When life gives you a record crop of strawberries and a lockdown, you make strawberry jam.
This was the solution to cutting down on food waste for one producer when they joined forces with a nearby providore to turn their record crop of strawberries into jam instead of throwing it out.
"A lot of other food producers had to dump their products during the lockdown because there were no visitors and restaurants, who would usually buy the produce, were closed," at Ricardoes Tomatoes and Strawberries owner Anthony Sarks said.
"We just decided that we couldn't dump it and we had to find another use for it."
Usually Ricardoes, based in Port Macquarie on the NSW Mid-North Coast, would have been filled with people from far and wide for the strawberry-picking experience in the farm's five kilometre avenues of fruit. But, the month-long lockdown meant there were no tourists or locals able to visit.
"It was quite hard. We were prepared for visitors to come during the busy period," Mr Sarks said.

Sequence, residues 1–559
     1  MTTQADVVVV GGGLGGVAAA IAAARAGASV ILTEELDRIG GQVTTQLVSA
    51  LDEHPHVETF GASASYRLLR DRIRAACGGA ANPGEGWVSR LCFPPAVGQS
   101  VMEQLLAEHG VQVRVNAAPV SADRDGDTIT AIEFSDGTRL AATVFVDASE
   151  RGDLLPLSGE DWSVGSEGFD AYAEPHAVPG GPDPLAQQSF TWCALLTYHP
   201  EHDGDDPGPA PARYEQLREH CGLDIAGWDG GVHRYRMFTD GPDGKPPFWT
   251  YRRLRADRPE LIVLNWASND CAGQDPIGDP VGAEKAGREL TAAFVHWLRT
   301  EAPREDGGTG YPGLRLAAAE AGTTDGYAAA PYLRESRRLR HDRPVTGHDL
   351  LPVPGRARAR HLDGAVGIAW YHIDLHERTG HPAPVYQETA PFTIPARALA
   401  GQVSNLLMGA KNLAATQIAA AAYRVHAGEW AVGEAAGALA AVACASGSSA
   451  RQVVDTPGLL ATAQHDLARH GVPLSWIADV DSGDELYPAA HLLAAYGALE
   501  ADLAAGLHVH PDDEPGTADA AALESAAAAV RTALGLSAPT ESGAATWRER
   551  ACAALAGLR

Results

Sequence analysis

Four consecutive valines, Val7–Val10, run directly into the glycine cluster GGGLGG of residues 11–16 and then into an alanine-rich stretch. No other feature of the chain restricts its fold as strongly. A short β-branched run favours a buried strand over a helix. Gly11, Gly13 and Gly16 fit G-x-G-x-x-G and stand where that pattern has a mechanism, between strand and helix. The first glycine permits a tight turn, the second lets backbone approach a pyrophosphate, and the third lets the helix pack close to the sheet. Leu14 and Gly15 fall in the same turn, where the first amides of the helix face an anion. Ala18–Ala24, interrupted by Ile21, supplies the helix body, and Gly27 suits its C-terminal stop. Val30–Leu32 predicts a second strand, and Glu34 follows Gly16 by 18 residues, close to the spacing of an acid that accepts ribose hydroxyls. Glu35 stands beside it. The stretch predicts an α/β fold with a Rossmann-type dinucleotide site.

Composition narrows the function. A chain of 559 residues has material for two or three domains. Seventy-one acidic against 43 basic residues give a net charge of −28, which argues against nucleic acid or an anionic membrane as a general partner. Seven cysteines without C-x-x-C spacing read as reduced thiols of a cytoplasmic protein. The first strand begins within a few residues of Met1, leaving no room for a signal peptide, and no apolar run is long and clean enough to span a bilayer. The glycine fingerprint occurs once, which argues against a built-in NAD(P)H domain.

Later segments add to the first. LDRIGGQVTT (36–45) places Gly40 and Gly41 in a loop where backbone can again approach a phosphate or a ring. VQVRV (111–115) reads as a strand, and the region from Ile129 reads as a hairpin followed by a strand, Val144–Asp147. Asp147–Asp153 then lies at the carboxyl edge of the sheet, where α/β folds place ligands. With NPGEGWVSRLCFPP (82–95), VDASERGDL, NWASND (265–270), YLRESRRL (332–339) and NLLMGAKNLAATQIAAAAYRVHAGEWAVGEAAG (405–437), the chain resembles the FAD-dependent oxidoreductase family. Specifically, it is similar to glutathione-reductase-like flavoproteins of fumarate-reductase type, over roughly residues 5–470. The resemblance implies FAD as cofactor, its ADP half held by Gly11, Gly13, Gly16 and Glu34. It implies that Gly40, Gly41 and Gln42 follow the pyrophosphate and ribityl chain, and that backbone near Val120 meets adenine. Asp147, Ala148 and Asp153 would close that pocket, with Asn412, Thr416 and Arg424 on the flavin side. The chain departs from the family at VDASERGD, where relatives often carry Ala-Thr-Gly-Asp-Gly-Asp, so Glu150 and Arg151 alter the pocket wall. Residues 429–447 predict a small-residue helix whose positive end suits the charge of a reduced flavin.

"The winter break is a peak time for city families to habitually visit the farm, it's one of the year's biggest influxes of tourists in the relatively warm Mid-North Coast climate."
Although making jam from leftover produce is not new for the farm, this year saw a record amount of jam made.
"As a sustainable practice, Ricardoes has regularly sent surplus fruit for conversion in a local commercial kitchen into strawberry jam, tomato and strawberry jam and strawberry vinegar," Mr Sarks said.
"Dumping fresh quality fruit, or leaving it to rot, absolutely goes against the grain.
"As farmers, we always want to ensure the effort put into producing our healthy crops is never wasted."
The record amount of strawberry jam made during lockdown at the farm also allowed staff to continue working.
"We have a loyal staff of about 20 people and we aim to stand by them in what were extremely tight trading circumstances," Mr Sarks said.
"All of our staff were able to remain on deck and continue working during the lockdown."
The result was 25,000 jars of strawberry jam created at The Other Chef in Port Macquarie which is owned and operated by chef and providore Eric Robinson. The business makes around 30 products from the leftover fruit from Ricardoes.
"We now have about 14 pallets loaded with jars of jam. The challenge now is to move it," Mr Sarks said.
"There have been a few mail orders put through and we are encouraging locals to support local as well.
"We went into this decision as a gamble because we couldn't just dump the produce and we thought we would worry about selling it later.